Why are DM interfaces so enjoyable? Novices can learn the basic functionality quickly Experienced users can work extremely rapidly to carry out a wide range of tasks, even defining new functions Intermittent users can retain operational concepts over time Error messages rarely needed Users can immediately see if their actions are furthering their goals and if not do something else Users experience less anxiety Users gain confidence and mastery and feel in control
What are the disadvantages with DM? Some people take the metaphor of direct manipulation too literally Not all tasks can be described by objects and not all actions can be done directly Some tasks are better achieved through delegating –e.g. spell checking Can become screen space gobblers Moving a mouse around the screen can be slower than pressing function keys to do same actions
4. Exploring and browsing Similar to how people browse information with existing media (e.g. newspapers, magazines, libraries, pamphlets) Information is structured to allow flexibility in way user is able to search for information –e.g. multimedia, web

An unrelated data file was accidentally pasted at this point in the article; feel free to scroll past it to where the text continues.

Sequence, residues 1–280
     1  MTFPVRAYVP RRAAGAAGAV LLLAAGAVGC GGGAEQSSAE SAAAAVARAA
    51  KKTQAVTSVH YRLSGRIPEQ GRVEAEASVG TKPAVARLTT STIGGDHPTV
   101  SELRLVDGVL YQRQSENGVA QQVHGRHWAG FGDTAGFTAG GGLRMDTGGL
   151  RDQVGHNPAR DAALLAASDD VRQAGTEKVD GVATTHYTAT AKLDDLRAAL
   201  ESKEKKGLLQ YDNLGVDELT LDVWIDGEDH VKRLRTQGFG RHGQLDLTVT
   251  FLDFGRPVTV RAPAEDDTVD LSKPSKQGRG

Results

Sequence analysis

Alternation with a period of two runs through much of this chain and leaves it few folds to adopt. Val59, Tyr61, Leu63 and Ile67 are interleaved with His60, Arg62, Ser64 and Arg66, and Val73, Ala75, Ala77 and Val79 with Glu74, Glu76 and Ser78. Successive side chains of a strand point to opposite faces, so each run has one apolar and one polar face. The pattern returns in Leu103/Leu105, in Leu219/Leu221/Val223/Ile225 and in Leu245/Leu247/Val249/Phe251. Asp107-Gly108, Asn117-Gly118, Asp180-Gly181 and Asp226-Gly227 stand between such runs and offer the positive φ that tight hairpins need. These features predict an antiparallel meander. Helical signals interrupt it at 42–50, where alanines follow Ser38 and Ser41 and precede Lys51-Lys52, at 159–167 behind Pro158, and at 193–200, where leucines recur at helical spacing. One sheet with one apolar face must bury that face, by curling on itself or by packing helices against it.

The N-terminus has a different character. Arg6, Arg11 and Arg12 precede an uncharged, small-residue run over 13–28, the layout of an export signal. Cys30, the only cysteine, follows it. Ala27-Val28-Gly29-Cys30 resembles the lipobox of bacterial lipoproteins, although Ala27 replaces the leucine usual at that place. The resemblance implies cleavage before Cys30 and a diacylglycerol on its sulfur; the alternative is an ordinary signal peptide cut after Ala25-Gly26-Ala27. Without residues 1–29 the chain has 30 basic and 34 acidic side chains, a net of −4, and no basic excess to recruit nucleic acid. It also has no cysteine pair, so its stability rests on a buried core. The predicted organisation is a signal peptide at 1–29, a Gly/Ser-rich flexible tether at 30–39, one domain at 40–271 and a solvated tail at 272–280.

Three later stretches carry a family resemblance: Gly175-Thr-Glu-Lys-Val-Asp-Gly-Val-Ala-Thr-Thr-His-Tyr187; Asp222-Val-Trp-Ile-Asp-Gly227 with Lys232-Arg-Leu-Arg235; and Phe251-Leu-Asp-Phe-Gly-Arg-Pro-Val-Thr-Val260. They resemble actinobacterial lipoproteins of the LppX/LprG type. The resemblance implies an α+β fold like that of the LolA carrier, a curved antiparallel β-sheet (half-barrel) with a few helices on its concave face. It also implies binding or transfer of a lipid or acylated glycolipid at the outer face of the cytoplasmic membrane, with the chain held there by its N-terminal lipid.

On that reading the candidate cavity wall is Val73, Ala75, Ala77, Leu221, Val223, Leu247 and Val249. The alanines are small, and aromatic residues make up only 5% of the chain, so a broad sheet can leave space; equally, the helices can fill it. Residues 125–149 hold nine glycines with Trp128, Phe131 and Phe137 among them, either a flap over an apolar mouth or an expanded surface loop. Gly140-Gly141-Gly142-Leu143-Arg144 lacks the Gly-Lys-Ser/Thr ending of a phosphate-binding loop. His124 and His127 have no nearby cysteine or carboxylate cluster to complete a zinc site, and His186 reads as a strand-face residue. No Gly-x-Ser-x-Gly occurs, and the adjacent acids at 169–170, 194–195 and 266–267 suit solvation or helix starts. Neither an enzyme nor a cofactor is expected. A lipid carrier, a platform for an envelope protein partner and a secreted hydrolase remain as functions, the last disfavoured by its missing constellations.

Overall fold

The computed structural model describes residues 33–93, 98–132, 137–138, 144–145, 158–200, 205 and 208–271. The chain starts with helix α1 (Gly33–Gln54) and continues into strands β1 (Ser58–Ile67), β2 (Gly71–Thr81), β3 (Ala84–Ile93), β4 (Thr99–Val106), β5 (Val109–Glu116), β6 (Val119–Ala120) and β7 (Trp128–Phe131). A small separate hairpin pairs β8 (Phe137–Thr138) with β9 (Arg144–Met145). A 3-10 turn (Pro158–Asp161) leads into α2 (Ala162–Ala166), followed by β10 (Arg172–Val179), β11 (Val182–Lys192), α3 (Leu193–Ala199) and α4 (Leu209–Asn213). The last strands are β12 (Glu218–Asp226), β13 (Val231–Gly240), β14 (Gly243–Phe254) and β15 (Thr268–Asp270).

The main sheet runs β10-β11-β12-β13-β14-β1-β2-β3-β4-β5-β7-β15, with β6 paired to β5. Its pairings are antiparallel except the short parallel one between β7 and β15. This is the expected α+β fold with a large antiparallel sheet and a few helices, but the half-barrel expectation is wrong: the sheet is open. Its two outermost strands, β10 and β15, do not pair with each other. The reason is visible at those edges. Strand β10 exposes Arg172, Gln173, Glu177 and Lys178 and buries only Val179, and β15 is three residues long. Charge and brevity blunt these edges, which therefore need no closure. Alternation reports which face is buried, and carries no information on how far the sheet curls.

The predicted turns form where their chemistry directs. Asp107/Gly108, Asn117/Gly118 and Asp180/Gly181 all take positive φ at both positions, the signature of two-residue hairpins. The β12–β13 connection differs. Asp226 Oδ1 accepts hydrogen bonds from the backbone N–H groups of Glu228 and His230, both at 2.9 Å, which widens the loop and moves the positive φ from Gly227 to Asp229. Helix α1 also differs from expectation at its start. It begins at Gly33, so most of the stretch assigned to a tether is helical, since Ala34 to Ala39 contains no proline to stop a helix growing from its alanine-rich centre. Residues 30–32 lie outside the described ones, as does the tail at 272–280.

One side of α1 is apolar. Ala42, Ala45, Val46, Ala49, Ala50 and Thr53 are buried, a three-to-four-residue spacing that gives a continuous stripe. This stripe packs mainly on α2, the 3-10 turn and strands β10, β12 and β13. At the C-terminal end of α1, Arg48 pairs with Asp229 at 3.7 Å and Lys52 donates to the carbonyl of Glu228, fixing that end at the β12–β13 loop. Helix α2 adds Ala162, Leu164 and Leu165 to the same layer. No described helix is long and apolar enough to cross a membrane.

Conceptual models based on objects Usually based on an analogy with something in the physical world Examples include books, tools, vehicles Classic: Star Interface based on office objects Johnson et al (1989)
Another classic: the spreadsheet (Bricklin) Analogous to ledger sheet Interactive and computational Easy to understand Greatly extending what accountants and others could do
Which conceptual model is best? Direct manipulation is good for doing types of tasks, e.g. designing, drawing, flying, driving, sizing windows Issuing instructions is good for repetitive tasks, e.g. spell-checking, file management Having a conversation is good for children, computer-phobic, disabled users and specialised applications (e.g. phone services) Hybrid conceptual models are often employed, where different ways of carrying out the same actions is supported at the interface - but can take longer to learn
Interface metaphors Interface designed to be similar to a physical entity but also has own properties –e.g. desktop metaphor, web portals Can be based on activity, object or a combination of both Exploit users familiar knowledge, helping them to understand the unfamiliar Conjures up the essence of the unfamiliar activity, enabling users to leverage of this to understand more aspects of the unfamiliar functionality
Benefits of interface metaphors Makes learning new systems easier Helps users understand the underlying conceptual model Can be very innovative and enable the realm of computers and their applications to be made more accessible to a greater diversity of users